Drunken air crew of Air Baltic get jail time in Norway

  • Three members of an airBaltic flight crew who were caught by police over permitted alcohol limits were handed jail sentences by a Norwegian court Monday, local media reported.

The stiffest sentence so far was given to the co-pilot, who according to medical tests was the most inebriated of the bunch. He faces six months in prison.

Two stewards who also found themselves on the wrong side of the 0.2 promiles limit for taking to the skies received shorter sentences of 60 and 45 days in detention.

The fourth member of the five-person crew to fail the breathalyzer test was the captain, whose case is due to be heard September 17, until which time he has agreed to be kept in custody.

In an Oslo court, the co-pilot said he was glad police had caught him on August 9 before he had the chance to fly more than 100 passengers from Norway to Crete on a charter flight.

“We lost control,” he said, citing a tough work schedule and not enough sleep as contributing factors.

He admitted the crew managed to put away two bottles of whisky between them before 8pm.

“After that I only drank beer,” he added, apparently in mitigation, in a remarkable account of the hard-drinking high life.

The captain is likely to face the harshest sentence of all, given that he was in overall charge of so many lives, even though he was less drunk than his right-hand man.

All four employees have been dismissed by airBaltic.

Air Baltic co-pilot: “We lost control”

  • The co-pilot of an airBaltic flight testified in a Norwegian court on Monday that he was glad police stopped the entire flight crew before they were about to fly more than 100 passengers from Oslo to Crete earlier this month. He claimed they “lost control” over how much alcohol they drank the night before the early morning flight, resulting in four out of five crew members testing positive for high blood alcohol levels.

The co-pilot’s was the highest of all, at 1.35, and he was ultimately sentenced to six months in prison on Monday. He admitted that he couldn’t remember when he stopped drinking. “But police have a picture of me from the bar when I bought a drink,” the co-pilot said, reportedly taken just four hours before the airBaltic flight was scheduled to depart at 5:45am.

Norwegian Broadcasting (NRK) reported from the courthouse in Lillestrøm Monday that the co-pilot admitted he was under the influence of alcohol but thought at the time he was stopped in a police alcohol control at the airport that he was just tired after having slept too little.

The 38-year-old co-pilot from Latvia described long and hard working days at the airline, with lots of travel and little sleep. “The early morning flights can therefore be difficult, you’re not quite sure whether you’ve slept,” he said. “It’s very good that the police stopped us.”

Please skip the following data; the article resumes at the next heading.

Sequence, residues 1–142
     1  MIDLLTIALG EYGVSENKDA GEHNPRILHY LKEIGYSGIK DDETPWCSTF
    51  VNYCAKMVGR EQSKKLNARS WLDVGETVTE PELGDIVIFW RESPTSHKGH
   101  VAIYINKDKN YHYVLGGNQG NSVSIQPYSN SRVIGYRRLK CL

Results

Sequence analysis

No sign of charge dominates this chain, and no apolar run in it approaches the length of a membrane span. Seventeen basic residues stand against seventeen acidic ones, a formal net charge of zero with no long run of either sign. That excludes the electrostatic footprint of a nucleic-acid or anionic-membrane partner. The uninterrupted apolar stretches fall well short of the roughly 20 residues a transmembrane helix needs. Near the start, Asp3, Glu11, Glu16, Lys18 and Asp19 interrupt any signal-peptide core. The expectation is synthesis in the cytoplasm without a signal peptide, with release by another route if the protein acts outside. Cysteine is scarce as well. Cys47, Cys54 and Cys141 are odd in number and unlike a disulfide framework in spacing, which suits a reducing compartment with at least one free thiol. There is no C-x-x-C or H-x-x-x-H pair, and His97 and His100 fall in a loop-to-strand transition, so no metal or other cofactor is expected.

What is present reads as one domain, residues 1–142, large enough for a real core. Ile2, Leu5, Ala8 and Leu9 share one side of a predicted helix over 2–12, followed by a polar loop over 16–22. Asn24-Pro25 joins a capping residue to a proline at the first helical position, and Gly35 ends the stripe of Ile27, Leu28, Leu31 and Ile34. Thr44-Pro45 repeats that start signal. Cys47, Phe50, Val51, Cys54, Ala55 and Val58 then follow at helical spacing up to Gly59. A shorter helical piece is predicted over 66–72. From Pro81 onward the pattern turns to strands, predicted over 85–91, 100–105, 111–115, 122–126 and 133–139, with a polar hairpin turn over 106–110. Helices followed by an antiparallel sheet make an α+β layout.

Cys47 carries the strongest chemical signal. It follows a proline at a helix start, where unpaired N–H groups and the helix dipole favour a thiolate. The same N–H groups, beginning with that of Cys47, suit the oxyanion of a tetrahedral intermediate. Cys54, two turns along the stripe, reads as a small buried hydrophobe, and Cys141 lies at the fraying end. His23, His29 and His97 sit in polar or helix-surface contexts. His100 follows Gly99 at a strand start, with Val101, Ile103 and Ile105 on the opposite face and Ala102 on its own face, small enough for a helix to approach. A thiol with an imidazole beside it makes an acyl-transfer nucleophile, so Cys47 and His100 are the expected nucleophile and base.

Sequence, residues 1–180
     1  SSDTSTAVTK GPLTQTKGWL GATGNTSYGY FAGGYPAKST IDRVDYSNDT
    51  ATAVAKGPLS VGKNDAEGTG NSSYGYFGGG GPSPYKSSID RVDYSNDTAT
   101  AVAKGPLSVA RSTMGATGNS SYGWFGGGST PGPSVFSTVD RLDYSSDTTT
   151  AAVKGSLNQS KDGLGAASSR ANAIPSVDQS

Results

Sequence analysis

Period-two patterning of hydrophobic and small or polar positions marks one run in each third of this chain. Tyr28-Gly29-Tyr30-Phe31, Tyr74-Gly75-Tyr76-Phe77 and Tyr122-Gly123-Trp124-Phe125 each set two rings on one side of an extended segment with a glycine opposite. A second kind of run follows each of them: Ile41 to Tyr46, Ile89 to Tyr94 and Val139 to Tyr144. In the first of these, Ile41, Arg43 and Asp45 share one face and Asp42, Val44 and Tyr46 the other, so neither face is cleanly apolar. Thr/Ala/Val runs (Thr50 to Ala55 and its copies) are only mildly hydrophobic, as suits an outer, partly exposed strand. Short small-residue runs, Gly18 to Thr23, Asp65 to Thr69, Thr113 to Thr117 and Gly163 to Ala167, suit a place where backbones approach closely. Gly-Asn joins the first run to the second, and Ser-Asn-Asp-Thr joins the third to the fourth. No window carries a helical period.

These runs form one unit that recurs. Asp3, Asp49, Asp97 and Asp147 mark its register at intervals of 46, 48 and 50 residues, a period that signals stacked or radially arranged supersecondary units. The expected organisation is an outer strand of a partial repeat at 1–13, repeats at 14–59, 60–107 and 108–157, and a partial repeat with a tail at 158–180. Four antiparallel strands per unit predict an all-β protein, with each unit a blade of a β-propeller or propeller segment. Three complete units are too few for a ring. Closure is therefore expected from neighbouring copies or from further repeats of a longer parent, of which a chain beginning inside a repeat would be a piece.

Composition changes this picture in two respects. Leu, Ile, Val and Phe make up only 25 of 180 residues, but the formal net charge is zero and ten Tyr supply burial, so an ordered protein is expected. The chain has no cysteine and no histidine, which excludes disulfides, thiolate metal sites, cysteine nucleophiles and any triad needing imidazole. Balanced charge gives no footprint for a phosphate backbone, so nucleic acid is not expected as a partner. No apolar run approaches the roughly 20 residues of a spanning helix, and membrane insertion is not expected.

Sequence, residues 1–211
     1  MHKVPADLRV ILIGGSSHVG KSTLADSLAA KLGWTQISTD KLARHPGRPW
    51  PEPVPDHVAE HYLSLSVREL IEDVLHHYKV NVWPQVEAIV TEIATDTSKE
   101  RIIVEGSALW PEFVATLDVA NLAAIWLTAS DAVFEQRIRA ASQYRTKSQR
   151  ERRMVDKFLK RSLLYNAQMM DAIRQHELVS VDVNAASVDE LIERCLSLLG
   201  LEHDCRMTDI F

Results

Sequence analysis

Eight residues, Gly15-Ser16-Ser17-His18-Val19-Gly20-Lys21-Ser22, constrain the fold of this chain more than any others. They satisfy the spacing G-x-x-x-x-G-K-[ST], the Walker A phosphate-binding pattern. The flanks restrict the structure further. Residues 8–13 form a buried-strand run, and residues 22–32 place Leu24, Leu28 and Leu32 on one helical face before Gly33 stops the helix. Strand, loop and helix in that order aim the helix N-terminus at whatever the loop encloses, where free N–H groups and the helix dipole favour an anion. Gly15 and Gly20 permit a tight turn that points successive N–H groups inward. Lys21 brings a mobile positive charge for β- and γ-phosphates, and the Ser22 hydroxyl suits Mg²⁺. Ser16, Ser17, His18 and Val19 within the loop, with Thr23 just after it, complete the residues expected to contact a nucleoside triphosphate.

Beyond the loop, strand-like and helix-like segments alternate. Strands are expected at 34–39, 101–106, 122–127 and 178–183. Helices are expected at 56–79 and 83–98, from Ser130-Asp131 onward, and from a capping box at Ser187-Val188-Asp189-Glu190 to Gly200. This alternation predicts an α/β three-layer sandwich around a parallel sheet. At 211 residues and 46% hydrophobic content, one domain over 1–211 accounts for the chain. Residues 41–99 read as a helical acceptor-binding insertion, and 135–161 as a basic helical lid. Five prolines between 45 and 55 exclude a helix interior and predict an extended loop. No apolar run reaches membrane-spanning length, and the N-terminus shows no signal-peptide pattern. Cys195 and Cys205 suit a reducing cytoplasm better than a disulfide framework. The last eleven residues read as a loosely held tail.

He testitifed that he believed the crew shared two bottles of whisky, but admitted he had trouble remembering all the details from the evening. “We drank outside the hotel, but we agreed to stop drinking at 8pm,” he testified. “After that I only drank beer.”

He said the drinking began around 3pm outside the hotel where the crew was spending the night. “We were just going to chat for awhile, but at some point, we lost control over how much we drank,” he said with the help of an interpreter. “It all ended as you know.”

He and the 50-year-old captain were on trial in one courtroom, while two of the three flight attendants were on trial in a neighbouring courtroom. Only one flight attendant of the five-member crew tested negative when confronted with breathalyzer tests as they were boarding the flight at Oslo’s main airport at Gardermoen. All four on trial were immediately suspended by airBaltic and then given notice of dismissal. Prosecutors claimed they would have put the lives of the flight’s passengers in danger.

The captain faces the most serious charges, expanded on Friday, because he was responsible for the entire crew. He ended up having his trial postponed until September 17 and agreed to stay in custody until then.

Defense attorney Jørund Lægland told NRK that the co-pilot, meanwhile, wanted to “lay all his cards on the table” and therefore was making a full confession in the hopes that would lead to a lighter prison term. “He wants to get this over with and get a verdict,” Lægland said.

Prosecutors asked that he be sentenced to seven months in jail, down from the nine months sought by police, because of his confession. Lægland thinks three to four months in prison would be sufficient, while the judge settled on a six-month sentence. Newspaper VG reported later that one of the flight attendants received a jail term of 45 days and the other 60 days.

lsm.lv / newsinenglish.no

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